Journal of Technologies Information and Communication

Misconduct & Plagiarism


Editors of the journal has the right to alert potential misconduct to appropriate agents (for example, funders, employers or the editorial board). Authors and peer-reviewers have the right to respond to allegations and for investigations to be carried out with diligence. An allegation should be substantiated and proved right or wrong by the editors.

- When errors affect the interpretation of information, RTIC has the right to publish 'corrections' (errata), whatever the cause of the error. Likewise, IADITI has the right to publish 'retractions' if work is proven to be fraudulent or 'expressions of concern' when there is a suspicion of misconduct. Depending on the size of the misconduct, the author's institution may be informed, and the author can be refused for a time to publish in the journals of IADITI .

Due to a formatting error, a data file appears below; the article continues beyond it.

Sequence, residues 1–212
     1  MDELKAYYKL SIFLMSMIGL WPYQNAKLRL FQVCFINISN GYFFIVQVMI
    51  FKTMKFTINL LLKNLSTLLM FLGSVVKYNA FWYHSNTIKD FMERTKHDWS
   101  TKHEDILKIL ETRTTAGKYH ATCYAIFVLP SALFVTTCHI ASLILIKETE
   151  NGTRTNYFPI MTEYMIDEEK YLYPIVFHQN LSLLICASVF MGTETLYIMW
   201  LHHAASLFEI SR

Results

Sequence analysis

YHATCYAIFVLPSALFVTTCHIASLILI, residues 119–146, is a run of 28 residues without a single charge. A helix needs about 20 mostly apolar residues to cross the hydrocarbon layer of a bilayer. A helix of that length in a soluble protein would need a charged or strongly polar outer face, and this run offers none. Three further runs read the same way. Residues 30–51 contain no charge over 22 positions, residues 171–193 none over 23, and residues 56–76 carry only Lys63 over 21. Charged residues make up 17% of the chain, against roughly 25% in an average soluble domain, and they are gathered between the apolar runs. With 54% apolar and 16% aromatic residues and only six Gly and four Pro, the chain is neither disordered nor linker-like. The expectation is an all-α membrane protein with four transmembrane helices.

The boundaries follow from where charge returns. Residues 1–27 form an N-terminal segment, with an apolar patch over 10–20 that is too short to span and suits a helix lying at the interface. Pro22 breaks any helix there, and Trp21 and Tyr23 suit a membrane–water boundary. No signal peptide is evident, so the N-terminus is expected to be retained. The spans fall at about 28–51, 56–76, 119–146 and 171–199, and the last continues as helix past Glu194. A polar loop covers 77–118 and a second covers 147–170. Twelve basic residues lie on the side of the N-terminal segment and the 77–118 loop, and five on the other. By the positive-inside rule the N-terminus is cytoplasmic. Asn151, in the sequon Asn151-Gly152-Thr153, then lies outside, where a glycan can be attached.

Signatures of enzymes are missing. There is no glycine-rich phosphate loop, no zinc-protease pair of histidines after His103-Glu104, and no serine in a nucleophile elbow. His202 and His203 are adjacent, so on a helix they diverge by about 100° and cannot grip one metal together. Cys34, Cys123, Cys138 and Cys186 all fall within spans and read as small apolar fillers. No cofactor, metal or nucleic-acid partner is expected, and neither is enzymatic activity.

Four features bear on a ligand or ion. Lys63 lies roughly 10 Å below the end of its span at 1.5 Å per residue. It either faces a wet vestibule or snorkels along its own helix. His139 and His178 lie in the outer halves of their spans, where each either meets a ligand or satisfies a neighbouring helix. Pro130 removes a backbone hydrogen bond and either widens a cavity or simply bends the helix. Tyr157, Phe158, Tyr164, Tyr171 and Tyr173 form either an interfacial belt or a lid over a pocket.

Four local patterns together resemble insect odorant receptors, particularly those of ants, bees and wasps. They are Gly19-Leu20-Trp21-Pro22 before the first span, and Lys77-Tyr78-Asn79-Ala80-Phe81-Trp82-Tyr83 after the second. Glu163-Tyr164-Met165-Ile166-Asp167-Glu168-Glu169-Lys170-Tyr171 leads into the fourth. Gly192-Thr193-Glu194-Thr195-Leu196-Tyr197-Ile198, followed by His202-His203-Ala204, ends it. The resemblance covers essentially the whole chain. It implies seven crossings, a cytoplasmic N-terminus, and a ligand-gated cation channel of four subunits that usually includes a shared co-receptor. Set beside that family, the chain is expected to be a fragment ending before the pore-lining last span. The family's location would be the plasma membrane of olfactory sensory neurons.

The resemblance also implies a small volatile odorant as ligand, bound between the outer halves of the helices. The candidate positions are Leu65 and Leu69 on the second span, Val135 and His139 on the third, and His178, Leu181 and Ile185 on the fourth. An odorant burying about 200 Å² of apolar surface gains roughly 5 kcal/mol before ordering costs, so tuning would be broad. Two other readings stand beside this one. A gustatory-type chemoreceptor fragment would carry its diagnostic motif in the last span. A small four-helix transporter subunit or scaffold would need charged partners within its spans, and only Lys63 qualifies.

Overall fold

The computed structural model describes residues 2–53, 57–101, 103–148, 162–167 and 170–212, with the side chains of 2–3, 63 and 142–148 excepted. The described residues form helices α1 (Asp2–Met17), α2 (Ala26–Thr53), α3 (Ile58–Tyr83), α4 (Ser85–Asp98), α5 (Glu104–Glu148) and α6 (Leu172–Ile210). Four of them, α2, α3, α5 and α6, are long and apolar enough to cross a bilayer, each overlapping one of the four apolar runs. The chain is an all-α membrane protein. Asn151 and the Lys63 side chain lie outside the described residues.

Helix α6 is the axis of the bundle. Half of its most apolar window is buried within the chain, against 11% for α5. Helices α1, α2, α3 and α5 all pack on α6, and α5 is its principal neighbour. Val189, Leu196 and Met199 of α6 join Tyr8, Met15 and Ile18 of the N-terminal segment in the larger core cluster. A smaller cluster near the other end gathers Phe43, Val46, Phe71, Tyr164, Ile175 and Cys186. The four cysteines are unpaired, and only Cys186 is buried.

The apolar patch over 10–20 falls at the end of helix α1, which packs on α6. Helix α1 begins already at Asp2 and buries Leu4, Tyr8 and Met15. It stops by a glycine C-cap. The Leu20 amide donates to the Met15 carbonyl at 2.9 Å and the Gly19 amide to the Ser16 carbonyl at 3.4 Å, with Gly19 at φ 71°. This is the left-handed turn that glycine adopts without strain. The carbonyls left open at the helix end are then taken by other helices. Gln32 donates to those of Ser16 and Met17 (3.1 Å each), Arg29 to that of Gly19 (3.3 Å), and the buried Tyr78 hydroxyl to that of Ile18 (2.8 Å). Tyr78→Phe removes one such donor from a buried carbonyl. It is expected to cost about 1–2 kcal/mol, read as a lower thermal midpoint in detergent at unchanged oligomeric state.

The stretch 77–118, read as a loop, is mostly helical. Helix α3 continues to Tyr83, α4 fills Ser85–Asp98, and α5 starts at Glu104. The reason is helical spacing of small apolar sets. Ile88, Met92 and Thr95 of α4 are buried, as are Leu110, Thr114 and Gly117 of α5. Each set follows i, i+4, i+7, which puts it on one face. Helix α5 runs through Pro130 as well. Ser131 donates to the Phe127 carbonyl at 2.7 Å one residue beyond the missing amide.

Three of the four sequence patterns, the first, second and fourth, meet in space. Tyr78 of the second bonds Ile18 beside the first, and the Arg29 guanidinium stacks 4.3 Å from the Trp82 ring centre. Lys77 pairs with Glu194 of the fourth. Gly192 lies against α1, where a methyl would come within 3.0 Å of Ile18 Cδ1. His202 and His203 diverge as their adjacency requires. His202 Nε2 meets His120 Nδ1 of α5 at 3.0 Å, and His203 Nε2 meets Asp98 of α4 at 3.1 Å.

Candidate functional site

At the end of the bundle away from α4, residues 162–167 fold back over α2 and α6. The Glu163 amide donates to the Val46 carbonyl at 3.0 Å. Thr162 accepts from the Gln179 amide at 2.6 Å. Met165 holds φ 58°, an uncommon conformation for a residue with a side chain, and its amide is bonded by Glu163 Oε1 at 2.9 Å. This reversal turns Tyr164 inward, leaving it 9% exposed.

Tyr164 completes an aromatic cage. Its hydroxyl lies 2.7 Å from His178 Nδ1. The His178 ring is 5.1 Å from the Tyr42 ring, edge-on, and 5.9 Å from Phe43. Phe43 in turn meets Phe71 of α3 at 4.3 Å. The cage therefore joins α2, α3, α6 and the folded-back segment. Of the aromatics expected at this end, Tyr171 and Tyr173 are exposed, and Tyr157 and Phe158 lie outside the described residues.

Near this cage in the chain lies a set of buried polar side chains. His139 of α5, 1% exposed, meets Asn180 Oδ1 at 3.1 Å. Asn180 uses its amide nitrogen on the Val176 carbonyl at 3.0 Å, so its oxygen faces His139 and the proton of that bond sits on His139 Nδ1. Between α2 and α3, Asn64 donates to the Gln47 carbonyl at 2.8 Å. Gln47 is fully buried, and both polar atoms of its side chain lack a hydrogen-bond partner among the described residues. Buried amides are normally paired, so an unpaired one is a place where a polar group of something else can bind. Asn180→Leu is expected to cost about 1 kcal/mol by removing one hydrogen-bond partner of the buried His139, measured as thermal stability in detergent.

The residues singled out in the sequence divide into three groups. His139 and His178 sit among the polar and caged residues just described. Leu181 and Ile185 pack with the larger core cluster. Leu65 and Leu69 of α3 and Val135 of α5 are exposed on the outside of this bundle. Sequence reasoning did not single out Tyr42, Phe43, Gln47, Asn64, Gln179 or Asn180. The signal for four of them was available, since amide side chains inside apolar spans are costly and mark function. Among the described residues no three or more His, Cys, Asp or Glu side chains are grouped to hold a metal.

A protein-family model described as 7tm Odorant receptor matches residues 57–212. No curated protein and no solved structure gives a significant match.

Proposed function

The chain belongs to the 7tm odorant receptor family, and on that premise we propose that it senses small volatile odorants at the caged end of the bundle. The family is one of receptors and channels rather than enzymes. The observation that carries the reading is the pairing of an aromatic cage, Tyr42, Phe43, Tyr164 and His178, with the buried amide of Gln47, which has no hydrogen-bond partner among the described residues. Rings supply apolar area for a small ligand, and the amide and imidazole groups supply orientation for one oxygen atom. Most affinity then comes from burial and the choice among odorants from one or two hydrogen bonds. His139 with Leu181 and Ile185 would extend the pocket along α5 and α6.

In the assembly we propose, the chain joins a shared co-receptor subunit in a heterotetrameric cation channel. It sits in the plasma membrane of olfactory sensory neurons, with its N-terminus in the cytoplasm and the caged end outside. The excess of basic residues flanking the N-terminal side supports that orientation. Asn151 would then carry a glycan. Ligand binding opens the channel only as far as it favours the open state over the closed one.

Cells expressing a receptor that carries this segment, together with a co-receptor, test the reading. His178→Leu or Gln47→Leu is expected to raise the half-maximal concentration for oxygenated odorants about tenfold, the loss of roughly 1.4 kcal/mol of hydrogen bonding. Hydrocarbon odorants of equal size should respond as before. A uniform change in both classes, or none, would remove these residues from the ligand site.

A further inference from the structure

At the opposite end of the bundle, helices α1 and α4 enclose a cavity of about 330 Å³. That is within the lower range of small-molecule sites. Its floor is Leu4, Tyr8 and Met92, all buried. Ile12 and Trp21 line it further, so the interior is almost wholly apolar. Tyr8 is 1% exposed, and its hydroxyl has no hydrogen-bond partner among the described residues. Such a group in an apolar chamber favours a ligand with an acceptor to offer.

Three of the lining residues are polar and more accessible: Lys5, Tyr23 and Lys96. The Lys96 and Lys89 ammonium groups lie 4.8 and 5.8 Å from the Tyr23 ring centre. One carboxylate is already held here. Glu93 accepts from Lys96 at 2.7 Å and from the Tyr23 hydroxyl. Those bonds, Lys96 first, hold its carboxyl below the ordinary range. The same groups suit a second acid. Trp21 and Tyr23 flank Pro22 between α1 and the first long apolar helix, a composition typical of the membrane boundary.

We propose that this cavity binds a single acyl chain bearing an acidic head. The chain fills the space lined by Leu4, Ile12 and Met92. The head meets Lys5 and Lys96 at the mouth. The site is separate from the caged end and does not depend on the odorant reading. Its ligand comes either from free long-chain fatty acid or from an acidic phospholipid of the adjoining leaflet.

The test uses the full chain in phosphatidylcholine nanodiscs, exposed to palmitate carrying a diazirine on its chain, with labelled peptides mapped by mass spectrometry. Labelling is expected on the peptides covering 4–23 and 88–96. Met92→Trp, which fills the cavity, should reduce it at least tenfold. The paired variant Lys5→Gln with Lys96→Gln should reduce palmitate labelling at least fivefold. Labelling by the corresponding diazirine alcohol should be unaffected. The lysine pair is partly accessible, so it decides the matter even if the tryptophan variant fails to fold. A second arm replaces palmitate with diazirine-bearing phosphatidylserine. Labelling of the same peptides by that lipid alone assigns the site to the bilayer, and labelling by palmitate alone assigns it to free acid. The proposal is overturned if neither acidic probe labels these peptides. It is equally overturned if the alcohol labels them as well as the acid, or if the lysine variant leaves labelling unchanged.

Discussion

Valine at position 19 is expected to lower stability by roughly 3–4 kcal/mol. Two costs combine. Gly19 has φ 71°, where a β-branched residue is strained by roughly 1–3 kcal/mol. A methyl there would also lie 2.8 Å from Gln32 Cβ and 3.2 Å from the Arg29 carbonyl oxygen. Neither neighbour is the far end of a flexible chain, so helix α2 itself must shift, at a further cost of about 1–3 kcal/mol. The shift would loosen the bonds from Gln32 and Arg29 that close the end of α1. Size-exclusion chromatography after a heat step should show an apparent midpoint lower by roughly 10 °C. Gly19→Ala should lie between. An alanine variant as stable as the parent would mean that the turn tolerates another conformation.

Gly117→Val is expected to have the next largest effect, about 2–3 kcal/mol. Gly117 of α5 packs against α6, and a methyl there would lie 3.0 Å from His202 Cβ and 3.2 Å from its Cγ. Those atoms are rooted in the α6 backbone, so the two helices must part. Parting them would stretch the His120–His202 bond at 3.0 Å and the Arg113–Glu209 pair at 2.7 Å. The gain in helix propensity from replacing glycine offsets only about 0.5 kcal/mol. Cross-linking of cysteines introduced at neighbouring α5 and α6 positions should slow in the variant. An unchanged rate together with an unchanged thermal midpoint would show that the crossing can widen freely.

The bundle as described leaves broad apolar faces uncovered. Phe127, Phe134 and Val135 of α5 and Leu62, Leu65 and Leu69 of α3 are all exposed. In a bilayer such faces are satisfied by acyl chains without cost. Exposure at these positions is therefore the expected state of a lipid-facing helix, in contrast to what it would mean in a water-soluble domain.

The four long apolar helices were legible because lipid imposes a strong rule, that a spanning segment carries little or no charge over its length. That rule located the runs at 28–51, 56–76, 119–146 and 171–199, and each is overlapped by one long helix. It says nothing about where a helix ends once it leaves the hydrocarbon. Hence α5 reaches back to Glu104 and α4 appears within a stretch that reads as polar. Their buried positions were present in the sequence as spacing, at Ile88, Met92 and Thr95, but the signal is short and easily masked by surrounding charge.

- Plagiarism or duplication of another text is forbidden even if it is an author's previous publication. Plagiarism includes misappropriation or theft of intellectual property by copying another's work. Authors must thereby avoid duplication of another's research and must always make explicit what the source of their information is. The way to refer to sources is set out by the submission guidelines of the IADITI journals. IADITI has the right to refuse publishing articles that are suspected of duplicating another's work. The RTIC cooperates with iThenticate to detect plagiarism.
Duplication is not applicable to the copying of information from a university dissertation or thesis, posters or abstracts or results presented at meetings, provided that it is the author's own work. Results in databases and clinical trials registries can also be duplicated.
- Authors that translate and publish material that has been published elsewhere should ensure that they have appropriate permission. They should always identify the source of the original material.